Xenocide, part 11
When in doubt, act like you’re in control. “Police!” I barked, aiming at the man holding Tenesha. “Let her go and put your hands on your head! You’re under arrest!”
Noble picked up on that. “Drop your weapon!”
I heard a man laugh from Tenesha’s direction, then Jobst’s voice: “You did this, you moron. We tried to do you a favor, and you blow our cover? Nice.”
“I don’t consider sending an innocent kid to prison doing me a favor.”
“Why? He’s just a pothead punk. If we don’t do it, you’ll have to bust him later on. And who knows who he’d hurt along the way?”
“I don’t know how you do things in spook-land, but this is America,” I said. “And the CIA isn’t authorized to operate on American soil, so you’re way out of your jurisdiction. You hurt her, the only way you’ll see Quantico again is feet-first.”
“You don’t have a clue what you’re dealing with here,” said Jobst, sounding strained as Tenesha continued to struggle. “The victim’s — people — have been in touch. They want justice.”
“You know as well as I do that Danny Freeman did the shooting,” I said. “Justice isn’t justice if you ignore the perp and just yank an innocent citizen off the street. Give them Freeman —”
“No!” the other man yelled.
“— and they get justice. Give them anyone else, and it’s just random vengeance.” I glanced at the other man. “I know it’s your father, but you can’t protect him by sacrificing a kid!”
“Leave him out of this!” Freeman Jr. yelled, turning his gun my way.
Noble saw an opportunity, and took the shot. Freeman went down, bellowing, clutching his shoulder.
Jobst took a shot at me from can’t-miss range — thank God Tenesha’s thrashing threw his aim off. His bullet hit the trunk of the patrol car and zinged past me, making me flinch back before I could return fire. With a frustrated cry, Tenesha broke free but she fell at his feet. He glared at me, took aim at her —
Then something flew out of the dark and smacked Jobst in the side of his head, making a hollow wet thwop. Jobst grunted and staggered, gun-hand flailing, and I took him down.
“Tenesha? You okay?” I called.
“Yeah.” She got to her feet. “What about you?”
“Fine, thanks to you. You think you can keep these assholes alive until the ambulance gets here?”
“If I have to.” She gave Jobst a murderous glance. Noble was already cuffing and searching Freeman Jr. “What happened just now? One second I thought I’d had it; the next, he took one upside the head! Who —”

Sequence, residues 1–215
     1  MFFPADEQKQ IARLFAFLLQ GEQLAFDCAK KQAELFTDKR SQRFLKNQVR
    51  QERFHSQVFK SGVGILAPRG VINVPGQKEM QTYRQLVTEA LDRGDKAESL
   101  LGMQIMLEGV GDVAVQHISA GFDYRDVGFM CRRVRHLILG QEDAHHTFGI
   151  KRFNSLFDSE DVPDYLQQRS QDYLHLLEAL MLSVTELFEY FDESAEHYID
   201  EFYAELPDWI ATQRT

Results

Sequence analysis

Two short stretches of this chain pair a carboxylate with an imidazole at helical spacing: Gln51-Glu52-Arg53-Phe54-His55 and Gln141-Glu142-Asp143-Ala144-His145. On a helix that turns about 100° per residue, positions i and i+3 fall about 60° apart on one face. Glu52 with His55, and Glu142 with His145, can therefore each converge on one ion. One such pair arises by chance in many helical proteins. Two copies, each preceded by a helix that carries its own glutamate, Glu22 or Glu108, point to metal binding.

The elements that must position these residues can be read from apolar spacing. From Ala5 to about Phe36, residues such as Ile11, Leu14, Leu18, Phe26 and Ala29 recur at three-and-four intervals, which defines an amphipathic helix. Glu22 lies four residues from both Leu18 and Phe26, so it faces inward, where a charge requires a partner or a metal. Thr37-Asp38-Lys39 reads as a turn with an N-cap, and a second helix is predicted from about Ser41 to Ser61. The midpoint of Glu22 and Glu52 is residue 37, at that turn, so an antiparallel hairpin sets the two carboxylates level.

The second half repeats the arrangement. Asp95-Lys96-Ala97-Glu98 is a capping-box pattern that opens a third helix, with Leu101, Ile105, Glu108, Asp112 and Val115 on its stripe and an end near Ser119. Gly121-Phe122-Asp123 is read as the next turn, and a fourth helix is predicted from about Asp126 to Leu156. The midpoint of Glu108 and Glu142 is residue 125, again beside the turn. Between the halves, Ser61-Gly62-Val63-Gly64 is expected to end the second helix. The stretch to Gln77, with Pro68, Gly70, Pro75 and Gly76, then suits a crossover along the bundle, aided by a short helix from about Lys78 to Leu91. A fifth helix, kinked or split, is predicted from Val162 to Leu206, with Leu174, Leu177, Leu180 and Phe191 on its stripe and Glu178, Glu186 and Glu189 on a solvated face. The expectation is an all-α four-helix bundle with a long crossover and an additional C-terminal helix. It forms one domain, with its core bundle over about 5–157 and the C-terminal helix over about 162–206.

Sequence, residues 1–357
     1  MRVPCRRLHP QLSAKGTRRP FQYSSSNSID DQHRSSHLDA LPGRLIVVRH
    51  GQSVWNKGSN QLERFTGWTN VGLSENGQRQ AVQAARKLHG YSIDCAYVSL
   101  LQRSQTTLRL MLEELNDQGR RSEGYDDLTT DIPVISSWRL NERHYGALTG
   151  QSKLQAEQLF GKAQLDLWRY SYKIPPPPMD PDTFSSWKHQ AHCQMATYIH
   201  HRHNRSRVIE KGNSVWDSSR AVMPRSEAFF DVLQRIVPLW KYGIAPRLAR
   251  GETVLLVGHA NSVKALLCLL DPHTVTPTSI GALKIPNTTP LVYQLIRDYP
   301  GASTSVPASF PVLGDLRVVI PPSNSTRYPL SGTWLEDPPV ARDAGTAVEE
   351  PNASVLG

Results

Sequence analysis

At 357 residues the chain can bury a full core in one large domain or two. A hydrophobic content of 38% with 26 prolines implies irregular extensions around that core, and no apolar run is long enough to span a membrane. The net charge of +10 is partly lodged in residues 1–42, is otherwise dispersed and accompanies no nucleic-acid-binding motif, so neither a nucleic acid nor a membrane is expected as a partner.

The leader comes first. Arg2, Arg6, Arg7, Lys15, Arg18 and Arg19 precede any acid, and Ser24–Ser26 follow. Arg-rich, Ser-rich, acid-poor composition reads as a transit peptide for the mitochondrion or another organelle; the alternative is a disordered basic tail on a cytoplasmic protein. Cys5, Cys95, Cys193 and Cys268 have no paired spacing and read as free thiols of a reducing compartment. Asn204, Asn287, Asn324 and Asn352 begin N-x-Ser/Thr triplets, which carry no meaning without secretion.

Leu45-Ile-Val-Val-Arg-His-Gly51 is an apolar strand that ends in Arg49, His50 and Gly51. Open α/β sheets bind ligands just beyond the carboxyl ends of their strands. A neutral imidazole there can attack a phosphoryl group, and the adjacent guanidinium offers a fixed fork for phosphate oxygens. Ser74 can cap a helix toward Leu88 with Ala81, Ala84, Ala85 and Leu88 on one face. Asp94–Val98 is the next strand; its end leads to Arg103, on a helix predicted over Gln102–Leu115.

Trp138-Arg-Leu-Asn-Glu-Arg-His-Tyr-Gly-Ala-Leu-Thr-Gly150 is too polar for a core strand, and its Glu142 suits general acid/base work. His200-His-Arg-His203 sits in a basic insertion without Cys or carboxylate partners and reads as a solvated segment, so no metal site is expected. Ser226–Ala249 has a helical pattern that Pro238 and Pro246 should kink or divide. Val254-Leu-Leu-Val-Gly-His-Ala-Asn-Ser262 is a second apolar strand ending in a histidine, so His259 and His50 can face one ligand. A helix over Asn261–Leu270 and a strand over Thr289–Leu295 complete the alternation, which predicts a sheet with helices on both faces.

“The Headless Horseman,” a voice called from the darkness. A familiar, youthful voice. I got the flashlight from Noble’s car and shone it on Jobst. Nearby, a pumpkin — the little ones used for Hallowe’en decorations — lay half-smashed, some of its guts spread over Jobst’s head and suit. I shone the light toward the voice, but Jacob Moss had already disappeared into the dark. I shrugged and secured Jobst.
Freeman and Jobst lived, but they might have preferred otherwise. After a hurried discussion with the sheriff and Doc Dix, we called in a news crew from downtown and gave them the whole story, just in time to make the 11 o’clock news. As Sheriff Carmichael put it, “we just turn on the lights and watch the roaches scatter.” We didn’t feel like we had a choice, though — letting Jobst and Freeman go quietly into the night (Sarah Plant was long gone) would have left us with no guarantees that they wouldn’t just grab some other innocent, here or elsewhere.
Politics and news sensations being what they are, we didn’t get much of a break for a while. We charged the perps with conspiracy, credit card fraud, assault, and attempting to pervert the course of justice — not that it mattered, they disappeared from the hospital and were never seen again. Our worthless Congressman vowed to launch an investigation into the matter, but never did. Being on the Intelligence Committee, it’s likely he knew what was happening all along. The sheriff did his time in front of the cameras, looking pleased with a job well-done. He had two years left in his term, but people would remember this. I’d have been surprised if anyone tried to unseat him. With proof positive that we weren’t alone in the universe, people started acting a little different toward each other. A little better.
As for Tenesha and me, the spotlight turned away from us after a few days and we finally got an evening uninterrupted. I won’t go into details, but it went well and we’re still together. We don’t think of ourselves as an interracial couple — because after you’ve seen an alien up close, those kind of differences just aren’t important.
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